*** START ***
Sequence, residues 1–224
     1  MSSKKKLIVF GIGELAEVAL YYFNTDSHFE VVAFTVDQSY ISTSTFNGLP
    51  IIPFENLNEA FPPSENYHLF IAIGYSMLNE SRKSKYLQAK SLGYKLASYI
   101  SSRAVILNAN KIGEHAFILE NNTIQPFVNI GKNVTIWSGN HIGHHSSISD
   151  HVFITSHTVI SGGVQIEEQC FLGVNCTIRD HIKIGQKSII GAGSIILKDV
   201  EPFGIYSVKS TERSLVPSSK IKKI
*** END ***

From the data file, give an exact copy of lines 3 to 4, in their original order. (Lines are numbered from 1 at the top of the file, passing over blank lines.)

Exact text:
    51  IIPFENLNEA FPPSENYHLF IAIGYSMLNE SRKSKYLQAK SLGYKLASYI
   101  SSRAVILNAN KIGEHAFILE NNTIQPFVNI GKNVTIWSGN HIGHHSSISD